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Spirit of MDS Fund Approves 24 Grants worth $54,900 in First Month

March 4, 2021

The food pantry at the Westview Christian Fellowship in St. Catharines, Ont., one of the recipients of a 2021 Spirit of MDS Fund grant.

One month after its launch on February 1, the Mennonite Disaster Service (MDS) Canada Spirit of MDS Fund approved $54,900 CDN in grants for 24 Canadian congregations and church-related organizations.

Ten of the recipients are part of Mennonite Church Canada, seven are Mennonite Brethren churches, and there is one each from the Evangelical Mennonite Conference, Evangelical Mennonite Mission Conference and Be In Christ Canada. Four other organizations or ministries also received funding.

One of the recipients is the Bethesda Mennonite Centre of Quebec, a Mennonite Church Canada congregation that will use its grant to help members who need assistance with groceries and medications.

“Having this fund will allow our church to assist our members financially for food and medications not covered by Medicare,” said pastor Charles Tabena.

The Living Word Temple, a Mennonite Brethren congregation that serves mostly First Nations people in Winnipeg, will use its grant to meet emergency food needs, winter clothing, toiletries and bus tickets.

“The funds will be put to use to help our daily distribution of these items,” said senior ministry director Steve Klassen.

“We have many people come to the church and ask for food, lunches, clothing and toiletries each day we are open. We also offer prayer and provide it whenever possible.”

At Westview Christian Fellowship, a Mennonite Church Canada congregation in St. Catharines, Ont., the money will be used to provide food for low income and homeless people.

“Since COVID-19, our numbers have more than tripled, “said Jane Lavaca, Executive Director of the church’s Centre for Women.

“We are seeing people we have never seen before. And we are seeing more homeless people than ever before, asking for food, blankets, and warming kits.”

In Alberta, the Abbeydale Christian Fellowship, an Evangelical Mennonite Conference church in Calgary, will use money from the Fund to provide food for local families.

“Currently we are serving up to 38 families and they are not always the same families each week,” said Community Cupboard Outreach Coordinator Geraldine Fair.

Because stores and restaurants are not able to donate as much food as before the pandemic, “we have had to cut back on the amount of food given out each week,” she added, noting they will use the money to buy eggs, tuna and other protein items.

St. Francis Table in Toronto, Ont. bills itself as a “restaurant for the poor.” Operated by the Roman Catholic Capuchin Franciscan Friars, with support from members of the Toronto Chinese Mennonite Church, it serves meals five days a week to street people, people with physical and mental issues, addicts, seniors on fixed income, refugees, the working poor and others.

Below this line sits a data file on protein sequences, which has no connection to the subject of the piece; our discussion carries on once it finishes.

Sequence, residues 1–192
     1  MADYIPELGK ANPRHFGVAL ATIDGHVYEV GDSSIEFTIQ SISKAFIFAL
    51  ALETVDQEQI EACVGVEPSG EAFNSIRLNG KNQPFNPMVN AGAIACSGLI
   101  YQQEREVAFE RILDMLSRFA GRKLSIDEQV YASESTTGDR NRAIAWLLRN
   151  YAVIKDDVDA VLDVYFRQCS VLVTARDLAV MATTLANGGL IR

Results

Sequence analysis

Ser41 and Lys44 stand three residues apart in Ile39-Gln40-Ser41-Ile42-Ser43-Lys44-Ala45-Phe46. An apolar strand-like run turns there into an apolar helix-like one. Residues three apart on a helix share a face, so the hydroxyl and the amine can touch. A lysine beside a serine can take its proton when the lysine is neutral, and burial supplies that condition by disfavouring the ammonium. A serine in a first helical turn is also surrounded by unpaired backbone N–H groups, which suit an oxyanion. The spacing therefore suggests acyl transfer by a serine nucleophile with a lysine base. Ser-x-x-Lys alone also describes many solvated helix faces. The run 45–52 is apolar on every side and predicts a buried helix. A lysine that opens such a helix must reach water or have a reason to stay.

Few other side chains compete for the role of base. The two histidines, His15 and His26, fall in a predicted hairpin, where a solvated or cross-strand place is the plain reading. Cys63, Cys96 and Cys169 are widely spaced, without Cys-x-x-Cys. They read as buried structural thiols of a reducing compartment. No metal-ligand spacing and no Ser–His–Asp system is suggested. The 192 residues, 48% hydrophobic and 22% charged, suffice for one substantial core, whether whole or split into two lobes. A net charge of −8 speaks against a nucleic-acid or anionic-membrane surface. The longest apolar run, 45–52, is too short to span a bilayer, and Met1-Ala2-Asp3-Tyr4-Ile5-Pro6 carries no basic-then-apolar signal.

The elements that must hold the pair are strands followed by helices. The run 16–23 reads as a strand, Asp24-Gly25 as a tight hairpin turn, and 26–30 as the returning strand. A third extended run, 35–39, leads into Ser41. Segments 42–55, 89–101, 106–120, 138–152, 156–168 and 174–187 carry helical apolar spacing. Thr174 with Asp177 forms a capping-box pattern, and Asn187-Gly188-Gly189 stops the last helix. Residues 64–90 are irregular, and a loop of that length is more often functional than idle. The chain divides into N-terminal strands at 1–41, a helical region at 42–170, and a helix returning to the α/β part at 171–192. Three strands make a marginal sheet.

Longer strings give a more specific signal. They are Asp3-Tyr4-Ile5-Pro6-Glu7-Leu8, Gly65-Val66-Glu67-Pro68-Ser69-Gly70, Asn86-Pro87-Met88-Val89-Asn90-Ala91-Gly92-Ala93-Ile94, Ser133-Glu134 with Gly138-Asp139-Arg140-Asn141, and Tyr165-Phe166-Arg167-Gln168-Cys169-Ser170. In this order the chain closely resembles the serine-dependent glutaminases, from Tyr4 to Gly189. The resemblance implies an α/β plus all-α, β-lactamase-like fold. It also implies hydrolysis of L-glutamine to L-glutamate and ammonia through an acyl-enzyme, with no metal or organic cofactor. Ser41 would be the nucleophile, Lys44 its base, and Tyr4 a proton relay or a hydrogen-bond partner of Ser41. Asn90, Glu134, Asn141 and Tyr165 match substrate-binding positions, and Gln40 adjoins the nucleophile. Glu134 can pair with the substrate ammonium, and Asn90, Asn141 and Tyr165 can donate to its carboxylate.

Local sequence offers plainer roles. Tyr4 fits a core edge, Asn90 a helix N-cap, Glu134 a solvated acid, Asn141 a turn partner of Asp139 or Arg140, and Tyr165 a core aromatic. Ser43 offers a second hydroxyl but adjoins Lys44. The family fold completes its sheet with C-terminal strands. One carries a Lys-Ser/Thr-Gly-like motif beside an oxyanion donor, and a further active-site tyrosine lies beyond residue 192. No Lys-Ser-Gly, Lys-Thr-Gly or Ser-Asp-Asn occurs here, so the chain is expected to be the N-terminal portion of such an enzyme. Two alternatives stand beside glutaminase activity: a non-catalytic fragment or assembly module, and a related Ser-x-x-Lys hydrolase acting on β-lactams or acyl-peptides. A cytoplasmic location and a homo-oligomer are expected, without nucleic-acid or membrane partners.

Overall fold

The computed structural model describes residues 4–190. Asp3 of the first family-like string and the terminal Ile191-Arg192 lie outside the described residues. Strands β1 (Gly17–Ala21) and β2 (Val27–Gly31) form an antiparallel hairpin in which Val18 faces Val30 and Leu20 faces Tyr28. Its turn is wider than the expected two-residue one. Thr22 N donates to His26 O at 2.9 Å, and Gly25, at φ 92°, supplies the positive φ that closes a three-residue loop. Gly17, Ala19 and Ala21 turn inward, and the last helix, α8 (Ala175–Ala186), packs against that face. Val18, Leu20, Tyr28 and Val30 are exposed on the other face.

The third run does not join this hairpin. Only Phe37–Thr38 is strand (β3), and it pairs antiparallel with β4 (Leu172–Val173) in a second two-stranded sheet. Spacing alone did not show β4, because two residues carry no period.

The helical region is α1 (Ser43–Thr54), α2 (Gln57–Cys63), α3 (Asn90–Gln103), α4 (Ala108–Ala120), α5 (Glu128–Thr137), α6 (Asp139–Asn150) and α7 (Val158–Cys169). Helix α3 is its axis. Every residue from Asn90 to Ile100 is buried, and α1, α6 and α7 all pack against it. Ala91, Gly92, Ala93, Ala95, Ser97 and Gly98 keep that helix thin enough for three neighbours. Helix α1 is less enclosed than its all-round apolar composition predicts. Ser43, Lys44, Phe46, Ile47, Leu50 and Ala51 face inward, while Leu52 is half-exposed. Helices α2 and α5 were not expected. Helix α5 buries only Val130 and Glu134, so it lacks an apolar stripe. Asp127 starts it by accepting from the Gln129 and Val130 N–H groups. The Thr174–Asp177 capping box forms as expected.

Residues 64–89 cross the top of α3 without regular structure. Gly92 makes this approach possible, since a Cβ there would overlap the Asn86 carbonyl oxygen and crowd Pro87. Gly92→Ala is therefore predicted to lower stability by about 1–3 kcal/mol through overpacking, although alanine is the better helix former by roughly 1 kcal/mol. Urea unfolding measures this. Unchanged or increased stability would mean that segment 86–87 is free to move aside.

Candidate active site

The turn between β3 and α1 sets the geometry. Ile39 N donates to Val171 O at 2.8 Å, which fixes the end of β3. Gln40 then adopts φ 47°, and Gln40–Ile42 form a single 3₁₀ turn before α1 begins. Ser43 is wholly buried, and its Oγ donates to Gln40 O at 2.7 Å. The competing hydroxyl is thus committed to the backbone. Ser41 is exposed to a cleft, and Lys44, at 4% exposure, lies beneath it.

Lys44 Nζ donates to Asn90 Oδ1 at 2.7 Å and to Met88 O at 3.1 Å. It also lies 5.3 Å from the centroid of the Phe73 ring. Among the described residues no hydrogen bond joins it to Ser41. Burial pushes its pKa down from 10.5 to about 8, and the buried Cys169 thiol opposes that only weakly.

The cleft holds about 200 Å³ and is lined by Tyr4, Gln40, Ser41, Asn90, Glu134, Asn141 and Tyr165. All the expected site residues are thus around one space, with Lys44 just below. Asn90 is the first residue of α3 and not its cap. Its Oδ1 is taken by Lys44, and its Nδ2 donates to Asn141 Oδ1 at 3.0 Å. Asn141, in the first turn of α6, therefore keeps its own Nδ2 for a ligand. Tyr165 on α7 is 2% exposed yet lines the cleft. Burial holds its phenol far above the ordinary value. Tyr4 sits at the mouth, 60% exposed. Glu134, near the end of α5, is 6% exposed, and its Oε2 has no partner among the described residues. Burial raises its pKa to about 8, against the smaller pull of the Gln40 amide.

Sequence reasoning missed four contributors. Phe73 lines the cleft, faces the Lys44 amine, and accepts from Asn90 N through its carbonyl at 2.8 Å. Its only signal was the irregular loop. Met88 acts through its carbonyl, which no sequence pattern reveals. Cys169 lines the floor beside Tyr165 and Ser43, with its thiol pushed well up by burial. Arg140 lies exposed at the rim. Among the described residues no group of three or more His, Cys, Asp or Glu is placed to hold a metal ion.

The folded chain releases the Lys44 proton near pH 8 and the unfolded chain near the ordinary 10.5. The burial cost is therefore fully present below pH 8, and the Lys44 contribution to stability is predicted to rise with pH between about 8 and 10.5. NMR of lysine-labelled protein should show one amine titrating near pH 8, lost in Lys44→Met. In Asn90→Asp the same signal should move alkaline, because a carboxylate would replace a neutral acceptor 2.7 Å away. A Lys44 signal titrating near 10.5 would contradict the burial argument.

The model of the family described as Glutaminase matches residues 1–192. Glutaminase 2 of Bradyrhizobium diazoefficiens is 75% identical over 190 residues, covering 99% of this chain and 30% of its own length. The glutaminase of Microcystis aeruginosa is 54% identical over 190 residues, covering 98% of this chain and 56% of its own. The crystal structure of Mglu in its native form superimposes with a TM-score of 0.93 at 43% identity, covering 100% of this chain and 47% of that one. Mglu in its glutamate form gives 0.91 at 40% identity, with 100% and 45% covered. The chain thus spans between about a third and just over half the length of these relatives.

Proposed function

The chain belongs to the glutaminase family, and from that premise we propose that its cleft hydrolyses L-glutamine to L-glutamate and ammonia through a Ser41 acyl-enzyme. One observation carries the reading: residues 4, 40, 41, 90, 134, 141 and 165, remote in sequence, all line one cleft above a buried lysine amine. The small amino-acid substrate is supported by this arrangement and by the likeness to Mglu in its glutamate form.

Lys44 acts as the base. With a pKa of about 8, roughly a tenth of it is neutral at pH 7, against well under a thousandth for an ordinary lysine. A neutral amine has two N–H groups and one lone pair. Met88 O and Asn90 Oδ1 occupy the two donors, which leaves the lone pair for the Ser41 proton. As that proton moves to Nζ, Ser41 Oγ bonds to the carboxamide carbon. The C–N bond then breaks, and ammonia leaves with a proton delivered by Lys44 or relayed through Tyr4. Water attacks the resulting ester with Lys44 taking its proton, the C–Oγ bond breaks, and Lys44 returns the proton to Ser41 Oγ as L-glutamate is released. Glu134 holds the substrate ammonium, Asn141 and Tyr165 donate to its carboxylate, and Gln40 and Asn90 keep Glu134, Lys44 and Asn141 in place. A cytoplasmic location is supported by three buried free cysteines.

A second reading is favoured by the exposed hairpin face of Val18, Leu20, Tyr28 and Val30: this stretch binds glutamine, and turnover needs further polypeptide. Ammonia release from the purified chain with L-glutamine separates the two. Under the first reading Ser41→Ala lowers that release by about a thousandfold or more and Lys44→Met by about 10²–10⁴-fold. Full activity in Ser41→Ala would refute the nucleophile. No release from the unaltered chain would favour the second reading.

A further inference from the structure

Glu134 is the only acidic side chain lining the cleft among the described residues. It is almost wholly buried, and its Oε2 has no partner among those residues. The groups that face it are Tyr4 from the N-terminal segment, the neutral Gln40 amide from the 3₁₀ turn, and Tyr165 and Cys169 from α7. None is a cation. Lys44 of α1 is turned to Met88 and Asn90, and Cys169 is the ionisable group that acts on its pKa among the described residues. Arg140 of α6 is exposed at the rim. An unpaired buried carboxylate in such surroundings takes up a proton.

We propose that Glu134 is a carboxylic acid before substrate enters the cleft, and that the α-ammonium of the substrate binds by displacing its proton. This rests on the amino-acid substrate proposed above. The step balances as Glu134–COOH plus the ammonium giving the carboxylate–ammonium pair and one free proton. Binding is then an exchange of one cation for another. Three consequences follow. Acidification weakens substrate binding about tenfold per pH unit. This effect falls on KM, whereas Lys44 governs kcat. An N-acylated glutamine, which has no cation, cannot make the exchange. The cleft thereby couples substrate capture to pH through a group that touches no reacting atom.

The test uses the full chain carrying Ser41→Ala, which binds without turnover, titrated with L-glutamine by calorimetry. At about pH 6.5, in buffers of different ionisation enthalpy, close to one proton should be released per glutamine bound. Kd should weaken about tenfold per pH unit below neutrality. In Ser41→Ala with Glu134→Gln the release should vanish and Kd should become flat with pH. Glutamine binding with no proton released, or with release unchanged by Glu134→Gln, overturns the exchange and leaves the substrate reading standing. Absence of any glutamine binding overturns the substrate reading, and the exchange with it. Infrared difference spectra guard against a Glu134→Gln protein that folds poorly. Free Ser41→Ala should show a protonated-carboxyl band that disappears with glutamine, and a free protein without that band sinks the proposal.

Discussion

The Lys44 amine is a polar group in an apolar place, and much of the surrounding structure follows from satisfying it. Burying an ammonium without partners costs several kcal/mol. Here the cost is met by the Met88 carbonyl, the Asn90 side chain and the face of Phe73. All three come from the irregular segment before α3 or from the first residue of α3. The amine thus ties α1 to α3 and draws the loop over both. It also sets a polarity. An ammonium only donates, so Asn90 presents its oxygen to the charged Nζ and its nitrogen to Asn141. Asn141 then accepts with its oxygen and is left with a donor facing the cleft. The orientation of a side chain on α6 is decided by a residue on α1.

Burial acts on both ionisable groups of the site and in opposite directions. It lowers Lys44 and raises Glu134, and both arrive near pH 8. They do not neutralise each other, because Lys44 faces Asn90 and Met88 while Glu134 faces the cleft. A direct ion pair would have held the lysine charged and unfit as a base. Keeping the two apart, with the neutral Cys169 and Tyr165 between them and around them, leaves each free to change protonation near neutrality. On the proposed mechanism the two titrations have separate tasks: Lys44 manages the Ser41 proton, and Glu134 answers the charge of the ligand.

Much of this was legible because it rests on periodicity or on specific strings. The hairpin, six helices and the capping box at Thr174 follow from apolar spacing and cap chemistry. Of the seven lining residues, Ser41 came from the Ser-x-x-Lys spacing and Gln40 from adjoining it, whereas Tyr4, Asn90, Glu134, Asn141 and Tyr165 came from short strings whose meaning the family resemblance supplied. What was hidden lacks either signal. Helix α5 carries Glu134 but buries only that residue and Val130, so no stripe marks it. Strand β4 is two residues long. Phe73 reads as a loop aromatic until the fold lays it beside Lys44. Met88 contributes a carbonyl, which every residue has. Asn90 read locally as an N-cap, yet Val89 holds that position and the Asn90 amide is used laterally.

“We want to ensure that food is available for our patrons in a safe environment,” said Father John Frampton of how the Fund will enable it to buy PPE, sanitizer and gloves, along with covering added costs due to having to buy takeout containers, bags, forks and knives.

For the Mennonite Japanese Christian Fellowship, a Mennonite Church Canada congregation in Surrey, B.C., the grant will allow it to help people who have “lost jobs, or had employment reduced because of the pandemic and money is now tight,” said pastor Gerald Neufeld.

“Some seekers connected with our church now struggle financially since they were not eligible for the special government pandemic support since their income was already too low.”

Many of those being reached by the church don’t know a lot about Mennonites, he added.

“If they could receive some help from MDS they could learn that Mennonites are more than just an organization looking for more people to join their churches. We believe in an active faith that shows practical care for others,” he said.

For Ross Penner, Director of Canadian Operations for MDS, hearing how the Fund is helping local churches and church-related organizations shows its importance at this time.

“Although we can’t do our regular service through volunteers due to COVID-19, we can serve those who need assistance through congregations and other groups on the front-lines of the pandemic, especially as needs continue to rise,” he said.

John Longhurst, MDS Canada Communications Coordinator